U.S. military personnel deployed to combat ISIS, U.S. assets in the region that will have to adjust to a reduced American military presence, Congress, the President.

Cost of House Bill H. Con. Res. 55

A CBO cost estimate is unavailable.

More Information

In-Depth: This resolution’s sponsor, Rep. Jim McGovern (D-MA), introduced this legislation because he is:

“deeply troubled by our policy in Iraq and Syria. I do not believe it is a clearly defined mission -- with a beginning, a middle and an end... I am not convinced that by enlarging our military footprint, we will end the violence in the region; defeat the Islamic State; or address the underlying causes of the unrest. It’s a complicated situation that requires a complicated and more imaginative response.”

In his press release, Rep. McGovern noted that in July 2014 a similar resolution passed the House on a vote of 370 to 40 -- though it should be noted that the vote occurred before the beheading of American journalist James Foley in August 2014.

President Obama has requested the passage of an AUMF directed at ISIS, but thus far Congress has not obliged. In the Senate, Sen. Tim Kaine (D-VA) considered attaching an AUMF to unrelated legislation, but withdrew his proposed amendment to a State Department bill after the Chairman of the Senate Foreign Relations Committee, Sen. Bob Corker (R-TN) agreed to hold a hearing on the matter in the future.


Of Note: The growth of ISIS throughout Iraq and Syria has left U.S. policymakers with difficult decisions to make in their efforts to stop, and ultimately eliminate ISIS’ influence in the region. ISIS is believed to have between 20,000 and 31,500 fighters, according to a CIA estimate from the fall of 2014.

Following the beheadings of several Americans and the persecution of religious and ethnic minorities by ISIS as it began its military campaign. During the previous session of Congress there was a bill introduced to end the AUMF against Al Qaeda and the Taliban, and legislation that would simultaneously repeal the AUMF and declare war on ISIS -- but neither was successful.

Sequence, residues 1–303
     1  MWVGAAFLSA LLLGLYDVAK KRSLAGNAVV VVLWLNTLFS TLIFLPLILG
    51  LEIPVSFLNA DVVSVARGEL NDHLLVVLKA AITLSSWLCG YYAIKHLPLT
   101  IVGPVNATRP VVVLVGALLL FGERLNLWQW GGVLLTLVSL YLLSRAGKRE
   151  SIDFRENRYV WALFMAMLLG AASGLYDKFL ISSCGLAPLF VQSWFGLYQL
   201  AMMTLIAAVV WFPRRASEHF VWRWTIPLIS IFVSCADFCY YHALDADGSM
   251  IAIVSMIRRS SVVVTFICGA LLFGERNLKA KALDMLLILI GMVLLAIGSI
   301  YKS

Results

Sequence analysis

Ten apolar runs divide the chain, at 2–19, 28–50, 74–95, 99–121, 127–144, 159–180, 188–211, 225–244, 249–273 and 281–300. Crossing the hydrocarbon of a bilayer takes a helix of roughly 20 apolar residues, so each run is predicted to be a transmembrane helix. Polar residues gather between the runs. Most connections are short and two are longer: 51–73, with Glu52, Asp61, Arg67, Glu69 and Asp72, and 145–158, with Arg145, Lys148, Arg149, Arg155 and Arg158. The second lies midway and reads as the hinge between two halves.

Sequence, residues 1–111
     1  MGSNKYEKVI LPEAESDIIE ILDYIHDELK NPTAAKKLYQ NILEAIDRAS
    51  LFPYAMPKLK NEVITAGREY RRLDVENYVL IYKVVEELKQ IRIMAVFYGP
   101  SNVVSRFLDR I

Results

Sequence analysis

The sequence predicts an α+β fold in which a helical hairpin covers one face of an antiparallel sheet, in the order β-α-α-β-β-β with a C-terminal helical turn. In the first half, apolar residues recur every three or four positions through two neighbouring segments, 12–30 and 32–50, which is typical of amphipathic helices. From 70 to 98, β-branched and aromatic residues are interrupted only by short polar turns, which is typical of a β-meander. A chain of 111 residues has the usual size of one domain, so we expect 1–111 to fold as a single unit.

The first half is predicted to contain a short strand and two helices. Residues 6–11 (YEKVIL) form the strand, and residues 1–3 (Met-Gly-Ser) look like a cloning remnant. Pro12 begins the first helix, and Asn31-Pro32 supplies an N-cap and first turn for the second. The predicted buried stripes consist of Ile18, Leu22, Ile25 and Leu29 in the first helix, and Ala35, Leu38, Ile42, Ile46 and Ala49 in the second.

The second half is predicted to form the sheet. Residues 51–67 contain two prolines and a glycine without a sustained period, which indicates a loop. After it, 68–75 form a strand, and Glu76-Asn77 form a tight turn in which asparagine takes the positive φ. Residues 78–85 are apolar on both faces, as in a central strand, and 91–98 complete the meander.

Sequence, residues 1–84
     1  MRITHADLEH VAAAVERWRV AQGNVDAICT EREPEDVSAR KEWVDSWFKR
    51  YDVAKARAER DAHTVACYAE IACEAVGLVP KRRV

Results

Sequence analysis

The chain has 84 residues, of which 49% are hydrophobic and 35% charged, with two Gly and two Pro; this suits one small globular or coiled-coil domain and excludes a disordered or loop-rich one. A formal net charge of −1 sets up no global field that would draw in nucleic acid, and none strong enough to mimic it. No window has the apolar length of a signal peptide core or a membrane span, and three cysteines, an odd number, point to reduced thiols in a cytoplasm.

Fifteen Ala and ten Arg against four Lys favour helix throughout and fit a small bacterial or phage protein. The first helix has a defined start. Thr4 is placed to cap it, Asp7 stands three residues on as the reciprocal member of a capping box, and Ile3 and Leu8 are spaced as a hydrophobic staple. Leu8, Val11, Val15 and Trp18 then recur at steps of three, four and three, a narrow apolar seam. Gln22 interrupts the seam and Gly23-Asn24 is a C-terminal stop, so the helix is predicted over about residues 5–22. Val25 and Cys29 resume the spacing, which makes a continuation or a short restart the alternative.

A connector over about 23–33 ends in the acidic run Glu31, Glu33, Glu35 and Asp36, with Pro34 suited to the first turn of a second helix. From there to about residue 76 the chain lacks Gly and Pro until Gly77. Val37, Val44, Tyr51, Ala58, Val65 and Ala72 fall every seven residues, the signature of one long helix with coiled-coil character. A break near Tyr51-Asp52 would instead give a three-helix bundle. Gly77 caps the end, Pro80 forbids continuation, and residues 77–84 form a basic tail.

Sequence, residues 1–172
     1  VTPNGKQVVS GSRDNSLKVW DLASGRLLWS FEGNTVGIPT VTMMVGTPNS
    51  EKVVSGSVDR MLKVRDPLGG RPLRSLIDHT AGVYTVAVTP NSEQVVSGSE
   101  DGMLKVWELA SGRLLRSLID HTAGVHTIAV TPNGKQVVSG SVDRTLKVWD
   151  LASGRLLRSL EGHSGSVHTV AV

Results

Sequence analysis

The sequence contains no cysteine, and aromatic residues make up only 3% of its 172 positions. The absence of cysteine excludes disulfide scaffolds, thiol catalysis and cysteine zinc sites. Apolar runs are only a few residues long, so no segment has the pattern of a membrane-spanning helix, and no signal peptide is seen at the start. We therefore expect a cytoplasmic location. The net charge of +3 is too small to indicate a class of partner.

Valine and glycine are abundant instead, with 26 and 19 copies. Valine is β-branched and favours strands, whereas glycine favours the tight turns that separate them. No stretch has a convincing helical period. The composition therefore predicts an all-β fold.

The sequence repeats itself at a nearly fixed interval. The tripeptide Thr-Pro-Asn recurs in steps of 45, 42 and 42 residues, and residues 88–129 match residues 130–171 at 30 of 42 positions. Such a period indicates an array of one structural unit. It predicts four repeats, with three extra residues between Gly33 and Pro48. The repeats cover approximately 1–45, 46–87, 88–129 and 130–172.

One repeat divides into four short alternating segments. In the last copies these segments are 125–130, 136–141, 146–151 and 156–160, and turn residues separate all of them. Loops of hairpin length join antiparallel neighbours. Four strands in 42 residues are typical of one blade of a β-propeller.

Beginning in August 2014, the U.S. began carrying out airstrikes in Iraq, started arming the Kurdish Peshmerga, and eventually began carrying out airstrikes against ISIS targets in Syria. By mid-May 2015, the U.S. had carried out over 3,000 airstrikes in Iraq and Syria.

During this time, the number of American ground troops sent to Iraq has increased, with the first deployment raising troop levels to about 800 soldiers. Many of these soldiers were protecting the U.S. Embassy in Baghdad (which employs more than 5,000 people), and other diplomatic outposts.

By February 2015, total troop levels in Iraq topped 3,000 after several deployments of about 1,000 troops each. These personnel are primarily tasked with training the Iraqi army and the Kurdish Peshmerga, while also defending U.S. diplomatic facilities. They are not engaging ISIS in ground combat, although some participated in the evacuation of the Yazidis from a mountain where they had been surrounded by ISIS fighters.


Media:

Summary by Eric Revell
(Photo Credit: Flickr user The U.S. Army)

Official Title

Directing the President, pursuant to section 5(c) of the War Powers Resolution, to remove United States Armed Forces deployed to Iraq or Syria on or after August 7, 2014, other than Armed Forces required to protect United States diplomatic facilities and personnel, from Iraq and Syria.

    If we don't commit to full victory, draft a Doctrine of War and pass it via Congressional vote...There's no reason to have forces in harms way.
    Like (13)
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    "I would knock out the source of their wealth, the primary sources of their wealth, which is oil. And in order to do that, you would have to put boots on the ground. I would knock the hell out of them, but I’d put a ring around it and I’d take the oil for our country.” [infowars.com]
    Like (73)
    Follow
    Share
    Turkey, Saudi Arabia, Iran, India, etc. have PLENTY of troops to send to protect the land surrounding them. I don't want to say "not our problem" but, not our problem.
    Like (11)
    Follow
    Share
    The ISIS issue is far from over. ISIS is to the Middle East as cancer is to the body. They have to be annihilated or the Middle East will never regain any measure of peace. The current coalition.needs to grow, expand and become more aggressive.